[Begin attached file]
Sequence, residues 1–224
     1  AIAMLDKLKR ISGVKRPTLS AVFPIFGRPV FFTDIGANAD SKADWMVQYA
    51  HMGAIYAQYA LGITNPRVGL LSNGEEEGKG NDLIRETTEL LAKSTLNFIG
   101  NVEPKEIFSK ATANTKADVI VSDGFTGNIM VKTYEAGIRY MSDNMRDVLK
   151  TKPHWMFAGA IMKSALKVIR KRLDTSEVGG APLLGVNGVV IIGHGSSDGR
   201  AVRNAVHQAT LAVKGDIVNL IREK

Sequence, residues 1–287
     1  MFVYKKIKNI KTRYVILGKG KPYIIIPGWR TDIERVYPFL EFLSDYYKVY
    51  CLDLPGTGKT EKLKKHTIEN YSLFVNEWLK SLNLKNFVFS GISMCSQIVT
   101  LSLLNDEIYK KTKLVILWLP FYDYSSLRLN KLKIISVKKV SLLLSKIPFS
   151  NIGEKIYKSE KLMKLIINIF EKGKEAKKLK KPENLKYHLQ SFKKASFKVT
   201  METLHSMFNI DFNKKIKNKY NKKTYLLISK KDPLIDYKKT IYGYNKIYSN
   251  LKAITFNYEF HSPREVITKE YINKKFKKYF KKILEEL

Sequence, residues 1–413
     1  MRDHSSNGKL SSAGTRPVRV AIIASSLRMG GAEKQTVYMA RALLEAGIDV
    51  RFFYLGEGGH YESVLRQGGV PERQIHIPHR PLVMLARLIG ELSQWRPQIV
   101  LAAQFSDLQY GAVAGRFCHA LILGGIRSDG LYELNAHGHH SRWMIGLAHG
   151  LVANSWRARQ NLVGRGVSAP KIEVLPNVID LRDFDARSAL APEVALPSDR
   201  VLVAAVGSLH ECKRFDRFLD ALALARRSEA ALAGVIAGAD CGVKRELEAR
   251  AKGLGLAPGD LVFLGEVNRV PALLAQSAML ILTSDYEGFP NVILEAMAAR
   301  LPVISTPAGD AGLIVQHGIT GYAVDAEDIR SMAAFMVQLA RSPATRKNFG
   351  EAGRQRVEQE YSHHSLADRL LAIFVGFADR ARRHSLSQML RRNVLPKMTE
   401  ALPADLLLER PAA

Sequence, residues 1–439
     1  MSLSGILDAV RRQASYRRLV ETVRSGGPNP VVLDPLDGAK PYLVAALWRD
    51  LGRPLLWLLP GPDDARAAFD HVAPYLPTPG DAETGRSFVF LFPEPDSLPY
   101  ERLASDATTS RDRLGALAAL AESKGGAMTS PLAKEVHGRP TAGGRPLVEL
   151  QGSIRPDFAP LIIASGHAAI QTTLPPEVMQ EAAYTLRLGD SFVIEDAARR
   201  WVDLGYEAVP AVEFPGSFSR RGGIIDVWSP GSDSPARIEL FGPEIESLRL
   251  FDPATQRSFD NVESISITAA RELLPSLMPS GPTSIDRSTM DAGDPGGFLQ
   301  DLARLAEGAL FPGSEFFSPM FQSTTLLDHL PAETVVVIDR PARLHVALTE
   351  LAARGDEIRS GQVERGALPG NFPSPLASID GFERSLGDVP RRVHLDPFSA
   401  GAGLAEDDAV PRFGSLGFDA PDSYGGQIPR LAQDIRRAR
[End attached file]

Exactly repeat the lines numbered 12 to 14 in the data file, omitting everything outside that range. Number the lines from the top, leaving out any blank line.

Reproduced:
   201  METLHSMFNI DFNKKIKNKY NKKTYLLISK KDPLIDYKKT IYGYNKIYSN
   251  LKAITFNYEF HSPREVITKE YINKKFKKYF KKILEEL

Sequence, residues 1–413